I was learning something from the painting of Cezanne that made writing simple true sentences far from enough to make the stories have the dimensions that I was trying to put in them.
I was learning very much from him but I was not articulate enough to explain it to anyone.
Besides it was a secret.
-Hemingway, “A Moveable Feast”
It will take you longer to read this post and click through to its attached link than it would for you to simply read Anton Chekhov’s shortest-ever short story in its entirety.
I’m always meaning to read more Chekhov…
I don’t adopt anyone’s ideas. I have my own.
“It is amazing how complete is the delusion that beauty is goodness.”-Leo Tolstoy, The Kruetzer Sonata
Tolstoy or Dostoyevsky? Eight Experts on Who’s Greater
I just read this article on The Millions (can’t get enough of that place). I love both, but if I had to pick, it would be Tolstoy for me every time. I thought this line was particularly true:
”Tolstoy’s novels are unique in the way they’re constructed entirely out of short, perfect, easy-to-read scenes, and in the way those scenes build on one another until they address the most complex issues in a nonchalant, natural way.”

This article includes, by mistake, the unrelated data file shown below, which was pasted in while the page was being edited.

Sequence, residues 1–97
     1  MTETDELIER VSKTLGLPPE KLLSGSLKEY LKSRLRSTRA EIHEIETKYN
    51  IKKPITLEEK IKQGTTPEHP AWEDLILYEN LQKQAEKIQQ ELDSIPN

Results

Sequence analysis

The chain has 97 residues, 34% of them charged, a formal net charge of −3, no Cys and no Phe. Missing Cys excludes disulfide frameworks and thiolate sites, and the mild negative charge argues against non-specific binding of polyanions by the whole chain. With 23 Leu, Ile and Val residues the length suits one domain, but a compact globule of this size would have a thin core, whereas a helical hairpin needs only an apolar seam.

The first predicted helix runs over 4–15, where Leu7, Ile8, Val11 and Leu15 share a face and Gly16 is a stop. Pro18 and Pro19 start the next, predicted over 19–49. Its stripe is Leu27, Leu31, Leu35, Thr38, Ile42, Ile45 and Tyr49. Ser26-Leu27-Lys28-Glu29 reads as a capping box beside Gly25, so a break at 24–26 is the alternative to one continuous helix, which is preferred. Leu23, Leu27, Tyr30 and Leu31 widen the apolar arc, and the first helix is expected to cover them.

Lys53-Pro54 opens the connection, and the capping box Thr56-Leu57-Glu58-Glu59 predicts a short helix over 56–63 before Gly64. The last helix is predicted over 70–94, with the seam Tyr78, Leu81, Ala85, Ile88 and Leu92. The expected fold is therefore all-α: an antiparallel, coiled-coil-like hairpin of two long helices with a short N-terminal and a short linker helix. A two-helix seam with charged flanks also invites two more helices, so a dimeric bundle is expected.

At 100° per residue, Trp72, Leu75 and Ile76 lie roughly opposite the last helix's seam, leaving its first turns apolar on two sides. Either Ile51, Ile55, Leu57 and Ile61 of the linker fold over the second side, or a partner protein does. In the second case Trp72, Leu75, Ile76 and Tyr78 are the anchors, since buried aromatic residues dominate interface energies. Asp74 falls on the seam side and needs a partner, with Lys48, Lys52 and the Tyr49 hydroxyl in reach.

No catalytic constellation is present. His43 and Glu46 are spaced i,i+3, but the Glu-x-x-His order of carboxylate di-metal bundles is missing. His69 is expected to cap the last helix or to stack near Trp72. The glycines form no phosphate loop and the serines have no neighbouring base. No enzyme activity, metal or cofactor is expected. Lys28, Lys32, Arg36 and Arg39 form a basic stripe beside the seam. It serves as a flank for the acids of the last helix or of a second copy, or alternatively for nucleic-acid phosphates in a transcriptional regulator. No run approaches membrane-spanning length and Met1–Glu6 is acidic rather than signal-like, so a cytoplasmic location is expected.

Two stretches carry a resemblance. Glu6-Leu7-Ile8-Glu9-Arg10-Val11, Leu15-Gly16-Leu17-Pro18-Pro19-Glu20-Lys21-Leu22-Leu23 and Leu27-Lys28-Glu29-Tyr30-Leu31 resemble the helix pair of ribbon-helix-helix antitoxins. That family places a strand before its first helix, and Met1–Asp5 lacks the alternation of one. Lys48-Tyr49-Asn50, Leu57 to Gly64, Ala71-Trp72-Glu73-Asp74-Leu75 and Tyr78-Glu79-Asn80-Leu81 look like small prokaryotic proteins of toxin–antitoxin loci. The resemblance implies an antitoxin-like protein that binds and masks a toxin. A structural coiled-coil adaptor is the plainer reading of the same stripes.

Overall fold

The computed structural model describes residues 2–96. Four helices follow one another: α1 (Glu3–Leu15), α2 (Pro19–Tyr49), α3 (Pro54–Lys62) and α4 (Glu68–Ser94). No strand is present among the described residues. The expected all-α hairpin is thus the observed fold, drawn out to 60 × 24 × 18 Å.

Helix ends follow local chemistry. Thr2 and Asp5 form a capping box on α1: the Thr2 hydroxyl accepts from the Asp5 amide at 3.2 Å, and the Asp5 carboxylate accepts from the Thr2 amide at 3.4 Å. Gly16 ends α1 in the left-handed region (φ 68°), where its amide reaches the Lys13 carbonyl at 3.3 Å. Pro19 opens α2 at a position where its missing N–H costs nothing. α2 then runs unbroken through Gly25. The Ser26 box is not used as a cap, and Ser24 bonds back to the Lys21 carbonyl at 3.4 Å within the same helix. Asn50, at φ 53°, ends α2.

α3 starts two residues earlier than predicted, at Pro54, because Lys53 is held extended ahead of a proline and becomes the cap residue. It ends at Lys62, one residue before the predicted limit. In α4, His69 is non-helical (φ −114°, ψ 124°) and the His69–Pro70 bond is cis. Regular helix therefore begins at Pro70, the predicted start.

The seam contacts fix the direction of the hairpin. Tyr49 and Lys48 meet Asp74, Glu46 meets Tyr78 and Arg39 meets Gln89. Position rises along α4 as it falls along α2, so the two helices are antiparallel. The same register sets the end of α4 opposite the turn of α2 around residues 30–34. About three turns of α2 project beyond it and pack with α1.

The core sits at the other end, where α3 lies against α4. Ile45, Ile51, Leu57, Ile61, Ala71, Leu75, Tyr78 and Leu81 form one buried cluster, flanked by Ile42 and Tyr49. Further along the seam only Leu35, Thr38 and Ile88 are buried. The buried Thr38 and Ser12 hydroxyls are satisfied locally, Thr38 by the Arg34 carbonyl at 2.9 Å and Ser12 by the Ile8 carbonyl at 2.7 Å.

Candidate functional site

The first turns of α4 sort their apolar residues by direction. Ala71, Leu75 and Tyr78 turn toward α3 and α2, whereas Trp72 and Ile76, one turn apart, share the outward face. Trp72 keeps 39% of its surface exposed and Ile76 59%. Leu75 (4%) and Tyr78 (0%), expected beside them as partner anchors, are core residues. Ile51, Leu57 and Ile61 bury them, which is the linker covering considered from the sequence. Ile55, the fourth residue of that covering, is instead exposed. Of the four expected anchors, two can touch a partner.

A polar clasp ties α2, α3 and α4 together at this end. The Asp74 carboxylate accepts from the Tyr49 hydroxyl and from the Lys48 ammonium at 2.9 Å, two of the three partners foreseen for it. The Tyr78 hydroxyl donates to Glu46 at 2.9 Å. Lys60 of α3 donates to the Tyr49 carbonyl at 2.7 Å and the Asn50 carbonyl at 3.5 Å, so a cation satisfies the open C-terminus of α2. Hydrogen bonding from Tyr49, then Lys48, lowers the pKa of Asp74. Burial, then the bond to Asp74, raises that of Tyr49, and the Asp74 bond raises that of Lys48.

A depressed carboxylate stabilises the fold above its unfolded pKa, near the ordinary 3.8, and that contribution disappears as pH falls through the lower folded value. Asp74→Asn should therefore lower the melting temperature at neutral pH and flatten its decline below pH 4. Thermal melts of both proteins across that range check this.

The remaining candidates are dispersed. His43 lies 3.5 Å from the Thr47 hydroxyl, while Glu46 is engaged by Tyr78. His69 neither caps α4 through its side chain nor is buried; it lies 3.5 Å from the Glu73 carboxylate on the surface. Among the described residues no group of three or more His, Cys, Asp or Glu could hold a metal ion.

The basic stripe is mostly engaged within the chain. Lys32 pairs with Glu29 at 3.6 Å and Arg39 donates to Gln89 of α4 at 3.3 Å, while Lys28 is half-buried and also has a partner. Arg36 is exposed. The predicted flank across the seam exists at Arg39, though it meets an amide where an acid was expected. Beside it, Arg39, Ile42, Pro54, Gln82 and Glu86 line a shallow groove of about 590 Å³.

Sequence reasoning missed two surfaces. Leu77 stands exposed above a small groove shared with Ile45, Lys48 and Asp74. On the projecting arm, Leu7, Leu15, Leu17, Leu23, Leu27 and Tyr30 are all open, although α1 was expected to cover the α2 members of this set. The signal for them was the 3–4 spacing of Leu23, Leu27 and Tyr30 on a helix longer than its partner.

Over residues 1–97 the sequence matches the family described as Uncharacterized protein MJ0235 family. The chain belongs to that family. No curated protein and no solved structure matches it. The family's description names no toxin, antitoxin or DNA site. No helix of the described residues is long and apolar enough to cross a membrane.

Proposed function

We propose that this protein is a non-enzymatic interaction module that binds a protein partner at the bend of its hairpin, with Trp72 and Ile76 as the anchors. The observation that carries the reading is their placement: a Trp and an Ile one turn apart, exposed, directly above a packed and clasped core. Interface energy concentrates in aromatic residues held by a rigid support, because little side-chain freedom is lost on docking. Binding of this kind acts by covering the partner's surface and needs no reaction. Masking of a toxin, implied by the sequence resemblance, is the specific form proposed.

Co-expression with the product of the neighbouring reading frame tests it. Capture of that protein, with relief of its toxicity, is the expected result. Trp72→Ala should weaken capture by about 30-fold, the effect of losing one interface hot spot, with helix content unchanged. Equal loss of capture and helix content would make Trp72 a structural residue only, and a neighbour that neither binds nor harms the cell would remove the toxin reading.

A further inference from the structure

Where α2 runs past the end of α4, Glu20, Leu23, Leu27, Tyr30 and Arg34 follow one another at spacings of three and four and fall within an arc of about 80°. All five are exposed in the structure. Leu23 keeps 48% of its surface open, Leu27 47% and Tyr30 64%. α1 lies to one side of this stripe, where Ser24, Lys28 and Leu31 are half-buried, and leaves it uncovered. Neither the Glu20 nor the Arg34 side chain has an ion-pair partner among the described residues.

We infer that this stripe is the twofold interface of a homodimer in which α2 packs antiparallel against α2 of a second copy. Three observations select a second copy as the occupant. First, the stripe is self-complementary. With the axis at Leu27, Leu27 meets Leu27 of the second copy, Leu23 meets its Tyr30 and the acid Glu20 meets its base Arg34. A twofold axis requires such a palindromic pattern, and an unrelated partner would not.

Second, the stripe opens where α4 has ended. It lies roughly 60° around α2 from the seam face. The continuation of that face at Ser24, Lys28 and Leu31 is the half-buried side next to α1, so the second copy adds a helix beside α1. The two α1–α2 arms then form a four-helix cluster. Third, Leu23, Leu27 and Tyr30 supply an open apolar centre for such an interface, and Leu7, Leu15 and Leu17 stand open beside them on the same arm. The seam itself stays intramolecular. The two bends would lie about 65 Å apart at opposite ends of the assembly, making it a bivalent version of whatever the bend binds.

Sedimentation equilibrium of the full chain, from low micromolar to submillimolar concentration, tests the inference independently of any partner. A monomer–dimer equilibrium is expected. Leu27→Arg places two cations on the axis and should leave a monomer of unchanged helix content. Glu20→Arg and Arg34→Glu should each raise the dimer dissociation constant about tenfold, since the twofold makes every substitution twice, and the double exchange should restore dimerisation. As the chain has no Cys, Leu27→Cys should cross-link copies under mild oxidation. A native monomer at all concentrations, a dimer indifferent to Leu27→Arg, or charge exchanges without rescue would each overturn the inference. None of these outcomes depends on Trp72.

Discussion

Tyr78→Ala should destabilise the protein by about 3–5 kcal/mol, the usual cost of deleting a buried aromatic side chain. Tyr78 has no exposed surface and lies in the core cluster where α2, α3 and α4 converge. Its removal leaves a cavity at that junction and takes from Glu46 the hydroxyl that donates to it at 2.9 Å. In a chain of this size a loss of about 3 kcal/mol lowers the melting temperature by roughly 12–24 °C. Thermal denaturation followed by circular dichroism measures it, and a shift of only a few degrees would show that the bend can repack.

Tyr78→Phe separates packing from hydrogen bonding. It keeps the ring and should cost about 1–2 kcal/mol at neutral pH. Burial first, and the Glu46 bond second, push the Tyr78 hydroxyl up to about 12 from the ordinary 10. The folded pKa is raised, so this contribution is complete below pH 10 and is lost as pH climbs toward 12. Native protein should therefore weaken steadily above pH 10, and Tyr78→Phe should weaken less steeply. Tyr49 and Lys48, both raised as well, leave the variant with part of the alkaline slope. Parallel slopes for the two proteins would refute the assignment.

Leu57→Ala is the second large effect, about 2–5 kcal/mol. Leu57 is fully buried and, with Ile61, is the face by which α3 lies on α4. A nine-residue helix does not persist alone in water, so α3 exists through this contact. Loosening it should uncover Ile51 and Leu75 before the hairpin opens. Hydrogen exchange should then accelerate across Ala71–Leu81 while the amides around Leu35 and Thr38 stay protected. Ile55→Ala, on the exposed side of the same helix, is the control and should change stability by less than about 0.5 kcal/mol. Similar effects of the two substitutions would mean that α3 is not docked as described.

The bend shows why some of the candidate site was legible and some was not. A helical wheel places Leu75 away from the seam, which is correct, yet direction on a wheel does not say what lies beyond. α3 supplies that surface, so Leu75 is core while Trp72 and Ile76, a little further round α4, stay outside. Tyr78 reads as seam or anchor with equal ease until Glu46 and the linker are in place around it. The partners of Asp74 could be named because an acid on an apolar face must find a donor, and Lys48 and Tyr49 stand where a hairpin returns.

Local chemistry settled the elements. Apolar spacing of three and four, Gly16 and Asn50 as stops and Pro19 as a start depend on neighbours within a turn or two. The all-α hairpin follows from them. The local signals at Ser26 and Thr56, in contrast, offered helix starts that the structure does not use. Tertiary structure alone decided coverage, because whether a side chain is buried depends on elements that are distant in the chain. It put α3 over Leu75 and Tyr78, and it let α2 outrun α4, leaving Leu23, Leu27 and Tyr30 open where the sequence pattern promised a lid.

War and Peace struck me so strongly that, upon finishing, I desperately needed to talk to someone about it. I found this article from The Millions (linked in the title above), and in it the author perfectly articulated the way it felt to read War and Peace, and why I am compulsed to read in the first place:
“In the end, though, the reason I read novels is not because I can talk about them with other people, or because I’m looking for ideas to explain the world. I read them for the pure aesthetic moment that comes from seeing life perfectly distilled into words.”
I am still shocked by the perfect distillation of life I find when reading War and Peace.